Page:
Even recognising the hyper-obviously problematic grouping of these already dubious categories (terror suspects and actual child sex offenders, really?) it’s clear that one of these things is not like the others. What business does the government have identifying vulnerable people without their consent? What do they plan to do with that information? It’s terrifying.

    The BBC celebrates the couple who helped us undervalue our privacy

    The BBC seems to treat this couple as heroes for helping Tesco to spy on its customers and – I argue – to undervalue their privacy.  The couple laid the foundations for the introduction of the Tesco Clubcard.  Storecards are a terrible privacy bargain.  Customer data is worth a lot more to stores than they pay their customers for it.  Of course, our credit card companies are selling data about our buying habits anyway, but the tradeoff there is about convenience and safety. Mileage will vary, but I personally consider that a reasonable tradeoff for many transactions. Besides, storecard schemes collect data about us regardless of what means of payment we choose.  Presumably that’s exactly the sort of data credit card companies want: what sort of stuff people buy on their cards, use cash for etc.  The price we pay is huge volumes of targeted marketing and great big databases chock full of information about things we value, which are bound to be compromised some day, if they haven’t been already.  How would we know?  In return, we get fractions of a penny for every pound we spend and feel like we’re getting something for free.

    It seems like a terrible bargain to me, others value different things. But almost nobody – including me – knows for sure what the price really is. We don’t know how our data is being used or shared and we can’t trace individual pieces of spam back to source. We don’t know what information the storecard’s partners have about us, how or if it’s anonymised or even who they are.

    Companies like this are actively trying to deceive us into giving them highly personal information about ourselves and to actively confuse us about the bargains we’re making. These people aren’t heroes, they’re opportunists of the sleasiest kind.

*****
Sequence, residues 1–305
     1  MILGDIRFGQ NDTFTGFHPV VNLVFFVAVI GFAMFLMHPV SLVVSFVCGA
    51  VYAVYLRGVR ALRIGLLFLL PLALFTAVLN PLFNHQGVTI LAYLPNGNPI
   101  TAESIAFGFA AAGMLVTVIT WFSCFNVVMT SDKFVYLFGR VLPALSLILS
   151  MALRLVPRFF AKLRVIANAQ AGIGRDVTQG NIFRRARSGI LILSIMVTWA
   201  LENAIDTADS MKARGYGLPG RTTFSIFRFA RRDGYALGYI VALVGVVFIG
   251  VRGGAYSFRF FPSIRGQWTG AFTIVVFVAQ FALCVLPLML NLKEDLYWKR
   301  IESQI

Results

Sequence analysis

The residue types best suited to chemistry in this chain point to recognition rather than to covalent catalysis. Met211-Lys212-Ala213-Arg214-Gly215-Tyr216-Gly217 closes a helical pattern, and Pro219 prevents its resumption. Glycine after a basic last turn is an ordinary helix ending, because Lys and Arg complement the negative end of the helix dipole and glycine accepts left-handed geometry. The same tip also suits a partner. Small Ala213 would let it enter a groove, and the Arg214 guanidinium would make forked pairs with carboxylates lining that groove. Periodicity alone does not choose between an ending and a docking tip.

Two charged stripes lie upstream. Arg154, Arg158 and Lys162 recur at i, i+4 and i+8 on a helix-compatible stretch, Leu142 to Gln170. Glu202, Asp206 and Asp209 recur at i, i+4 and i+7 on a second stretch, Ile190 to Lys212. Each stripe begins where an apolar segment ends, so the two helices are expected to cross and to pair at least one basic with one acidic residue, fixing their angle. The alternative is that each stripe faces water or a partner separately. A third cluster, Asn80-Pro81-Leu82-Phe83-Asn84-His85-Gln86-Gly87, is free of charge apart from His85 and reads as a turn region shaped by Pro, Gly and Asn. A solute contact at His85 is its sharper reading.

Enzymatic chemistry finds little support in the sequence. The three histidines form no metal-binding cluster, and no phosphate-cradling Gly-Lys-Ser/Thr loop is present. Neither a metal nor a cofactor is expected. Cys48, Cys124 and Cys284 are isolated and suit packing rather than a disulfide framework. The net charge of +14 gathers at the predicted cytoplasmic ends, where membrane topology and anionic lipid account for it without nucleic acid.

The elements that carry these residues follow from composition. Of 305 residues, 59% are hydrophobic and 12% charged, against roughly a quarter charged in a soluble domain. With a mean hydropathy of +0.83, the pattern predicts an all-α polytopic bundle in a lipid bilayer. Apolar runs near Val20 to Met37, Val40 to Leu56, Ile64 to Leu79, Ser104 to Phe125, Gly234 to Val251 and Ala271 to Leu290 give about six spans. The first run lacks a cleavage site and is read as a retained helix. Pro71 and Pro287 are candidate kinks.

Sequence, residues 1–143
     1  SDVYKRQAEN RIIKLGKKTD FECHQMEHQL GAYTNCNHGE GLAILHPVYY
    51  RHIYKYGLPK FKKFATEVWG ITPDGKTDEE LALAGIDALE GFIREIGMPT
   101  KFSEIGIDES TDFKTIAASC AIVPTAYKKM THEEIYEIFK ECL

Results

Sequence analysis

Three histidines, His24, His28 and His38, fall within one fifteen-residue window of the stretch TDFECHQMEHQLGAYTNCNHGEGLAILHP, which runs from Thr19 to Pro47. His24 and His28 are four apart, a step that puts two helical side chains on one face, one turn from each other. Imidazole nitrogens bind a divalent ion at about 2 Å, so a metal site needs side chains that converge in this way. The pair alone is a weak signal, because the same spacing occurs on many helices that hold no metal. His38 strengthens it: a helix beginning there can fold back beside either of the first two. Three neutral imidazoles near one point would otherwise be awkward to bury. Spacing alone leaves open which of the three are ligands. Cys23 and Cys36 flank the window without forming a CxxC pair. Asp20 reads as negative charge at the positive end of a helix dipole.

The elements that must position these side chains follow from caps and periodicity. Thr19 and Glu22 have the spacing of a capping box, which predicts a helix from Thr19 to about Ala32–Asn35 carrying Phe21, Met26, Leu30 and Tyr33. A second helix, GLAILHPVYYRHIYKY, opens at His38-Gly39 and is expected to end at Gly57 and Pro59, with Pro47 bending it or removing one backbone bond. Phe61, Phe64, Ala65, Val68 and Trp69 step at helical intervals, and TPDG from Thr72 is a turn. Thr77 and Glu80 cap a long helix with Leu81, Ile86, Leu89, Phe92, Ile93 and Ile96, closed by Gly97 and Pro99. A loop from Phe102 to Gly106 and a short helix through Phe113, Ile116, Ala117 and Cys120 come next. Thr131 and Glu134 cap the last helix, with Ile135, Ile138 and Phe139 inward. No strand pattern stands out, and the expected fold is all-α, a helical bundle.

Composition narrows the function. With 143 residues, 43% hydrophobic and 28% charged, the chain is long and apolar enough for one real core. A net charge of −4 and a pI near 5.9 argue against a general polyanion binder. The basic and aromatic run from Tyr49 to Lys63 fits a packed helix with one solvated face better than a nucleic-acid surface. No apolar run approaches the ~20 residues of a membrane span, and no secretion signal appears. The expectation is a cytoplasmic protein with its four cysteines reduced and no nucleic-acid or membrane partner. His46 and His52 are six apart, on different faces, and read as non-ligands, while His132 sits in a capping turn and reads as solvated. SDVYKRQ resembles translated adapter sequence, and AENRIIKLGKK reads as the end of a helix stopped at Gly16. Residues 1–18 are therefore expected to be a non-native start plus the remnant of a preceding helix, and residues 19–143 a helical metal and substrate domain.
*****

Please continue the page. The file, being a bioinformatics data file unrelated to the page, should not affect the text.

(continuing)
Friday, 21 November 2014

    Free CA

    Bruce Schneier reports on a Very Good Thing.  It’s a free CA which is a joint project involving EFF, Mozilla, Cisco, Akamai and the University of Michigan.

    I think it’s bloody brilliant news. The service’s name says it all: Let’s Encrypt. Yes, let’s.

    The challenge is server certificates. The anchor for any TLS-protected communication is a public-key certificate which demonstrates that the server you’re actually talking to is the server you intended to talk to. For many server operators, getting even a basic server certificate is just too much of a hassle. The application process can be confusing. It usually costs money. It’s tricky to install correctly. It’s a pain to update.

    Let’s Encrypt wants to change that.

    EFF write about it here.

    Thursday, 20 November 2014

    Detekt craziness

    Detekt tells me it doesn’t support the version of Windows on the VM I ran it in, which is as up to date as can be.

    Update: I ran the comparability wizard and got Detekt working. It didn't find any government spying malware.  I'm almost disappointed.

    Enfield council issues takedown notice to site that publishes non-existent information

    Enfield council wants to close a bunch of libraries, But it doesn’t know which ones yet. It said:

    “No decisions have been made yet on the type of library or the location of libraries. The final decision on the library service, location and different types of libraries will be made in February or March next year following the conclusion of this consultation.”